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Tuesday, October 19, 2010

Why not to start a sentence with “We need a PowerPoint on…”

I’ve written plenty of PowerPoint presentations in my time. They can be effective and interesting.

But an editorial by Nancy Duarte for CNN.com reminds us why we shouldn’t approach a presentation by thinking of it as a PowerPoint. The better way to approach it is by asking ourselves why we are being asked to speak and what our audience should take from it. After all, the purpose of communicating is to reveal meaning, not just to throw information at people.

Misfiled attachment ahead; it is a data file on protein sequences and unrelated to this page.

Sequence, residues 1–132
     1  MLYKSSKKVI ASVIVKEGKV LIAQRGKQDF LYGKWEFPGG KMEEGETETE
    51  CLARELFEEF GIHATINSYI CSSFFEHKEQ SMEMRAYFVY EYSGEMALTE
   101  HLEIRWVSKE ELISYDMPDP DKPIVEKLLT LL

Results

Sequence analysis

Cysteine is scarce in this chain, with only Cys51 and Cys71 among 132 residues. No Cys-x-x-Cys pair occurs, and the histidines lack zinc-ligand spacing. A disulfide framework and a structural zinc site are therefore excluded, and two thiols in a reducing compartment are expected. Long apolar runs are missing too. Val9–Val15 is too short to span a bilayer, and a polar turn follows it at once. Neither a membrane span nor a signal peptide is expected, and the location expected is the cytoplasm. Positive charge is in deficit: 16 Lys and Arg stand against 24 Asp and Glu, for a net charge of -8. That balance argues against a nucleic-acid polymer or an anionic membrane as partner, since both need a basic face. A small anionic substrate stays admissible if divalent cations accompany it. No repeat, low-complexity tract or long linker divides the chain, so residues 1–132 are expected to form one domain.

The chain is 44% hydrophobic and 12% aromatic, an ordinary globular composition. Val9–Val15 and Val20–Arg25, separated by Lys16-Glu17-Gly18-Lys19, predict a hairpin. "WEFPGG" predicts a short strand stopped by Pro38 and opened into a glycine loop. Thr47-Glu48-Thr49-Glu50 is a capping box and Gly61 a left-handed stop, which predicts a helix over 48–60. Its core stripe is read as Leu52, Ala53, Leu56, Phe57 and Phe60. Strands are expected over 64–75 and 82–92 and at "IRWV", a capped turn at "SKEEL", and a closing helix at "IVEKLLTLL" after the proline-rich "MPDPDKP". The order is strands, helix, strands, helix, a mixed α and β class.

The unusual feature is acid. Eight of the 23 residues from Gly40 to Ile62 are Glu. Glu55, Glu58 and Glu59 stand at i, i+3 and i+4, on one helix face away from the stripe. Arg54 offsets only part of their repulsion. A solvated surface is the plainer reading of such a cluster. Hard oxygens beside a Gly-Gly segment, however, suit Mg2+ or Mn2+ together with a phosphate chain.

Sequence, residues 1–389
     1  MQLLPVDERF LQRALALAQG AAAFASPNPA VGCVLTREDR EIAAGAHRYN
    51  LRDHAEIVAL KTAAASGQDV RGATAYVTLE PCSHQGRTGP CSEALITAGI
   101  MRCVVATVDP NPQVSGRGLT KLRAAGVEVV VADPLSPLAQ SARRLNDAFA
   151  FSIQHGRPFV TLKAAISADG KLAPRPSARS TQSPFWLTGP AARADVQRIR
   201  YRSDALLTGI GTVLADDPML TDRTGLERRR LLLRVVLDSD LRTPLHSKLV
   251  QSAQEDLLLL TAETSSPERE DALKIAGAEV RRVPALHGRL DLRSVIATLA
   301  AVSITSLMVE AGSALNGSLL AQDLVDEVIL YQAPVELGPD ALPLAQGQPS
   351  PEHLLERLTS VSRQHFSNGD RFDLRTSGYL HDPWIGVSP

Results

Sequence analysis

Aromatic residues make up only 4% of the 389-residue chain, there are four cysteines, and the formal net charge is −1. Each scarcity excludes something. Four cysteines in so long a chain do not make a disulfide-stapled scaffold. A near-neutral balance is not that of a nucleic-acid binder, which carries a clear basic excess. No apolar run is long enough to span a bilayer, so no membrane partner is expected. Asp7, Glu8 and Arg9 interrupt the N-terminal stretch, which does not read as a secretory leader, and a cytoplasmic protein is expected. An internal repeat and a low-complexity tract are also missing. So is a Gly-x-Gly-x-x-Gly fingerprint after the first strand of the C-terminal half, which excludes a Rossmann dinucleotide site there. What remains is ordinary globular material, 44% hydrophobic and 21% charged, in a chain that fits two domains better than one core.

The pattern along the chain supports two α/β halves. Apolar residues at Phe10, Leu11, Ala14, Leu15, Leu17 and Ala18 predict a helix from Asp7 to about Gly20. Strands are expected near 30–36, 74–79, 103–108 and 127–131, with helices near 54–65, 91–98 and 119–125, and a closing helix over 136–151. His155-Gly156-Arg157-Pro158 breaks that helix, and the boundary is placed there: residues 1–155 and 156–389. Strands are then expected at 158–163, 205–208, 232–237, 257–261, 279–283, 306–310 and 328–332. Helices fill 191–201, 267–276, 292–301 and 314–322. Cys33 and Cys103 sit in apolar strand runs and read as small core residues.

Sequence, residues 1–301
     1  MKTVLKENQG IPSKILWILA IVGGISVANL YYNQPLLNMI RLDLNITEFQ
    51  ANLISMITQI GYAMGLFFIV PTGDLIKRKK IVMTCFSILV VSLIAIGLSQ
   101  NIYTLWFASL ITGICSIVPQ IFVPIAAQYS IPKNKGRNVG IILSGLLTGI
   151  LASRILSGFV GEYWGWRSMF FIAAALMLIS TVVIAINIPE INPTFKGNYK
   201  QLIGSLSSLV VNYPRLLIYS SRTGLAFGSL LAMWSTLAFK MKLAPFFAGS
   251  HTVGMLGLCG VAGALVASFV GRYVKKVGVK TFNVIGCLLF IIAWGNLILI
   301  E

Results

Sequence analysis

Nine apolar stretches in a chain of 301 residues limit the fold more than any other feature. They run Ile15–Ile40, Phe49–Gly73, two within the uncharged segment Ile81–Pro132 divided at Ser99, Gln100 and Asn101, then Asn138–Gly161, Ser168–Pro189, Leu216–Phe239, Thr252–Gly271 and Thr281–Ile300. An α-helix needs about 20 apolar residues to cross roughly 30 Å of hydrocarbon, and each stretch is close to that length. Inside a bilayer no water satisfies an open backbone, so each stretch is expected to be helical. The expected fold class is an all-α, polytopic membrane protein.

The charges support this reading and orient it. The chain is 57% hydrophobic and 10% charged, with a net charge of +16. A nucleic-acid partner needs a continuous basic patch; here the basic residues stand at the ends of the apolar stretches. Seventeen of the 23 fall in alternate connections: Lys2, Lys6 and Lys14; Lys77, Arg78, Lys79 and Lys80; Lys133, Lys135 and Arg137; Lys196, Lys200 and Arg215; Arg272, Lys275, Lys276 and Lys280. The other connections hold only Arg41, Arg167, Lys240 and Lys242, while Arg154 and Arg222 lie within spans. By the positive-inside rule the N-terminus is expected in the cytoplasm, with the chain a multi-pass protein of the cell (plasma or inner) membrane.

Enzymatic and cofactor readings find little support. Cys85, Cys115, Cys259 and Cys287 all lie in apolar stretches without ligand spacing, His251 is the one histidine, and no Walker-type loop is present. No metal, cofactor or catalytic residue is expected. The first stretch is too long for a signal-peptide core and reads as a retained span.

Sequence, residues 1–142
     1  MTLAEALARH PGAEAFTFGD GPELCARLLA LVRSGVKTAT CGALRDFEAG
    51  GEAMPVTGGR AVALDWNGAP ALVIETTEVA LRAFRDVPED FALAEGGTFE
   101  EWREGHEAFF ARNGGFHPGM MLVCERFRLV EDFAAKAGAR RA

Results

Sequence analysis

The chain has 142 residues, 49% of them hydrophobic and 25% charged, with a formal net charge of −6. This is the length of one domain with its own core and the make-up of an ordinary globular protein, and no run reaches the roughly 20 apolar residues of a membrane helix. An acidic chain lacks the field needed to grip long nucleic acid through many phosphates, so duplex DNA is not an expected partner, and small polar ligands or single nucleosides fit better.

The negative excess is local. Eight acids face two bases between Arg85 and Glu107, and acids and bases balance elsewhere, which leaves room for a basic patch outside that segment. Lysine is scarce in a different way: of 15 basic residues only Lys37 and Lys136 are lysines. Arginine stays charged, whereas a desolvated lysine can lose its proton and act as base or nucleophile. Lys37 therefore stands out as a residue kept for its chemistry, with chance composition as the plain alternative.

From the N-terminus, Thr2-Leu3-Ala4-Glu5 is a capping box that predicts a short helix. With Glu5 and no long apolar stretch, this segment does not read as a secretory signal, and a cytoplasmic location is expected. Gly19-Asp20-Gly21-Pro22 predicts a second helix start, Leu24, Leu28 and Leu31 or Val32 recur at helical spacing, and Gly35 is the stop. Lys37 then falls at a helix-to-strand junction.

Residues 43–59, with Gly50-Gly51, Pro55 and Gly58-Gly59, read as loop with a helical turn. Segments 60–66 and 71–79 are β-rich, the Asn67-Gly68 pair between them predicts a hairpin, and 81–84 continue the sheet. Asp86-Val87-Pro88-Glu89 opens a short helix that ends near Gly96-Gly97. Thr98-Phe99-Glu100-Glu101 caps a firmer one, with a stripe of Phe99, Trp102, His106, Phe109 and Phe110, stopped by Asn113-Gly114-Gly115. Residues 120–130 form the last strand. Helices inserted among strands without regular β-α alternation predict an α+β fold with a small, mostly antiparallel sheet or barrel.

I recently wrote a 15-minute speech for someone that included a PowerPoint. The PowerPoint itself consisted of only eight slides (photos, a basic graph, and a memorable quote). That’s because the presenter’s message was strong enough to stand on its own. She used PowerPoint for only one reason: to help make her strongest points resonate with her audience.

Next time you are asked to make a presentation, think first of what you want your audience to remember. Then determine if PowerPoint will help.

Editor’s note: The flowchart referenced at the beginning of Duarte’s editorial was first blogged about by G&H’s Chris Georgacas in March 2010.